Part 3... A Model for a Greener City?

Now may be a good time to bring up the-man-that-burns part of Burning Man. A man does indeed burn but tis of the woody structural kind rather than the flesh and bones variety. At the end of this week-long festival the great man, which stands at the centre of the desert camp, is lit up as a symbol of release (emotional, spiritual or whatever you'd like it to represent). But of course, as the burning of things does require, it also releases a whole lot of carbon into the atmosphere.

This festival/community/city is perhaps not yet a model for green living but it does provide a very real and experimental arena to educate yourself on how to improve and sustain certain aspects of your life in your ‘other home'.

We cannot escape climate change any longer. Changes of another kind must happen if we are to improve our planets potentially dire affair. Which is why, perhaps, the Burning Man school of eco education may be about to get a whole lot greener... in a philosophical kind of way. The theme of this year's burn is Evolution. Here, as the Burning Man web team puts forward to us, is the idea behind this theme:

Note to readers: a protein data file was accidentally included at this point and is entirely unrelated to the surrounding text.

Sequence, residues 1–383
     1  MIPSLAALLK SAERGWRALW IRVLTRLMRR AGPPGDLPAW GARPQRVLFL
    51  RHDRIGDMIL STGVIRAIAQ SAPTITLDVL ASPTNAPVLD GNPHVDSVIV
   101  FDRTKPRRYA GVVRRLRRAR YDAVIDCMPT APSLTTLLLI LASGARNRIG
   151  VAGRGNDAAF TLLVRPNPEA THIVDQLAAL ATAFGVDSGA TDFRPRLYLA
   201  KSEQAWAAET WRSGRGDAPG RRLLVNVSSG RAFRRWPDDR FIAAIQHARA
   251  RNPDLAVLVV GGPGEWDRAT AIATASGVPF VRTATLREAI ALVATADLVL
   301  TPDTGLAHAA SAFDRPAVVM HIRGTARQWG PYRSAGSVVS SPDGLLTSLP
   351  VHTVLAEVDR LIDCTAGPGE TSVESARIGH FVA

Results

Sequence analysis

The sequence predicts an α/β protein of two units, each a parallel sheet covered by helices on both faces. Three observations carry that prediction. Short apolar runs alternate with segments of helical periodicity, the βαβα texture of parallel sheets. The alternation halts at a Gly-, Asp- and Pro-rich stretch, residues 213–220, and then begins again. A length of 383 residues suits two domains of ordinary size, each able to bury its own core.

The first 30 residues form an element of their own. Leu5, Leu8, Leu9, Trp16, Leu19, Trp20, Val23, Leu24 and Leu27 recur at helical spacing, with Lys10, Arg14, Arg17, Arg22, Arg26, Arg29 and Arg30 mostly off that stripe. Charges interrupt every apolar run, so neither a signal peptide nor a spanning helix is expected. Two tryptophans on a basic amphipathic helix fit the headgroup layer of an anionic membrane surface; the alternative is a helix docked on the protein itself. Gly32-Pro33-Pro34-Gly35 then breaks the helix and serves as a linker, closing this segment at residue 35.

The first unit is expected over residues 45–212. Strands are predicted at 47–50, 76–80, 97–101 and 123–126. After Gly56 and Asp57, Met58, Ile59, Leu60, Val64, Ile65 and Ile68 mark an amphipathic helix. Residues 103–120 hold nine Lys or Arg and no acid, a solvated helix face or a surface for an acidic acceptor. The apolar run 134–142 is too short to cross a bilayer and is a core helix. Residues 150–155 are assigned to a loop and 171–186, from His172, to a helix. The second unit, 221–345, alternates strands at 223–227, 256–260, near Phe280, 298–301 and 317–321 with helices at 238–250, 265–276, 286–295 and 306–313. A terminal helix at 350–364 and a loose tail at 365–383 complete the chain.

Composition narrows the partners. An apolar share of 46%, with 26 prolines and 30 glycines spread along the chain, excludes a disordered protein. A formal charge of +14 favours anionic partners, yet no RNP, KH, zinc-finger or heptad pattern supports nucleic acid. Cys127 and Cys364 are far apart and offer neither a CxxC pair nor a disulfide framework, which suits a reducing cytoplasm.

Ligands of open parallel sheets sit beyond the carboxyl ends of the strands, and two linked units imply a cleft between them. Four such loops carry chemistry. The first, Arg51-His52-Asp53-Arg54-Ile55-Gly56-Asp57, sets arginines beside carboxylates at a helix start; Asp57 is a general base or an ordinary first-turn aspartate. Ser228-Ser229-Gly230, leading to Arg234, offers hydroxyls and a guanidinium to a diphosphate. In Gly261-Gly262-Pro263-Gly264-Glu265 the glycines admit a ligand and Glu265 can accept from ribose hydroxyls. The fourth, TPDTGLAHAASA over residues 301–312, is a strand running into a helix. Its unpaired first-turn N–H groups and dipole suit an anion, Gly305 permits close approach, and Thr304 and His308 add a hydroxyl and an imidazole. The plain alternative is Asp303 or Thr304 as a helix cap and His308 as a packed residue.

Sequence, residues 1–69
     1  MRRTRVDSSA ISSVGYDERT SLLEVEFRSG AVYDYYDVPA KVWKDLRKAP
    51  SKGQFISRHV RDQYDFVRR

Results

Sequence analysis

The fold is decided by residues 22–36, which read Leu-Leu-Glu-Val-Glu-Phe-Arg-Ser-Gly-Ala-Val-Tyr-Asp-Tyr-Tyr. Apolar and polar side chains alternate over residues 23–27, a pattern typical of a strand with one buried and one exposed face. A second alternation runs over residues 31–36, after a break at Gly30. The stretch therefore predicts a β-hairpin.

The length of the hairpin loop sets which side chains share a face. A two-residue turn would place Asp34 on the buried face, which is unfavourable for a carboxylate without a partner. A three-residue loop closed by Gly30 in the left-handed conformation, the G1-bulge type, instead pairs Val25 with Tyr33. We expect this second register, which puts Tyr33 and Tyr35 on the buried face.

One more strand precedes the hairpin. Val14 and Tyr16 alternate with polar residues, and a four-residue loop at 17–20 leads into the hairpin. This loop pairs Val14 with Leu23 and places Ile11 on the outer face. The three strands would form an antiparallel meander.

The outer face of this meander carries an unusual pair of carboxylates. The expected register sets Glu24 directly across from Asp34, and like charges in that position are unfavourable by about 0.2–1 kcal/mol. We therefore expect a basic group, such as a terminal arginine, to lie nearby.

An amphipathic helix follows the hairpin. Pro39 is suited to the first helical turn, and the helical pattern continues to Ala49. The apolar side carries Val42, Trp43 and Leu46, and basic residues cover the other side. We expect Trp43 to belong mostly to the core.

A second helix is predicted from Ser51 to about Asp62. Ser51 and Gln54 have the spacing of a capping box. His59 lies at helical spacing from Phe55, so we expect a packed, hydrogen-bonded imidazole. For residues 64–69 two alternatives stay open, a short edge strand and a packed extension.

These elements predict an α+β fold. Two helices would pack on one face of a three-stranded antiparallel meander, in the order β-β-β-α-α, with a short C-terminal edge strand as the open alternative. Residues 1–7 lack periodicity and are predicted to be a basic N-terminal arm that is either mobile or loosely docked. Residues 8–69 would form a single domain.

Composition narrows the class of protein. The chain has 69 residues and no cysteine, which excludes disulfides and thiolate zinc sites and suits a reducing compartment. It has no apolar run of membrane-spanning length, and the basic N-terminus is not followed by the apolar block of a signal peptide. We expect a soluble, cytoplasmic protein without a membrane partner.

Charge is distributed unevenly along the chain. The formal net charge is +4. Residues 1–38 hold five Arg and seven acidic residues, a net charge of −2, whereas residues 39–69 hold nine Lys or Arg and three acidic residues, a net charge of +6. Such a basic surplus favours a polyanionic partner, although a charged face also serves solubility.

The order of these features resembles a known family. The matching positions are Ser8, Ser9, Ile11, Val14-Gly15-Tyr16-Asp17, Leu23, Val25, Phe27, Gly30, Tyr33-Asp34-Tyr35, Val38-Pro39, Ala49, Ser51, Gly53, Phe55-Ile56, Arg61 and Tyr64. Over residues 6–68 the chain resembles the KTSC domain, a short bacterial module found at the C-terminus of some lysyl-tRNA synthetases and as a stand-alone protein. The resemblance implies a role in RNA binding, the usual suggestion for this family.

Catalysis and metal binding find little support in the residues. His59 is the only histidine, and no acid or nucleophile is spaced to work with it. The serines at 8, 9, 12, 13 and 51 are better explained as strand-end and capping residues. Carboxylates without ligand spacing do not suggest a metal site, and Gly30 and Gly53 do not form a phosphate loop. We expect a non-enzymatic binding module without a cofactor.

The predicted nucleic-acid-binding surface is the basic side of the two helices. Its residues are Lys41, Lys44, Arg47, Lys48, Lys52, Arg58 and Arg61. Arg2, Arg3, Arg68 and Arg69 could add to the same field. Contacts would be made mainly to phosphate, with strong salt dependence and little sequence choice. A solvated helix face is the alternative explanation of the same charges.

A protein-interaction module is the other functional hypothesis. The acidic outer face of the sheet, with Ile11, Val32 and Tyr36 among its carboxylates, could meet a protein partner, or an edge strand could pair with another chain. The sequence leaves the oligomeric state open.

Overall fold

Nature never made a plan, nor does it seem to copy very well. No living thing is ever quite the same as others of its kind. Charles Darwin called this Natural Variation. There is a kind of subtle chaos, a supple element of chance and change, residing at the core of living things. Our theme this year prompts three related questions: What are we as human beings, where have we come from, and how may we adapt to meet an ever-changing world?

I'll report back in a few weeks to let you know if I come up with any answers. In the mean time for more details and images of this extremely (in all senses of the world) extraordinary festival visit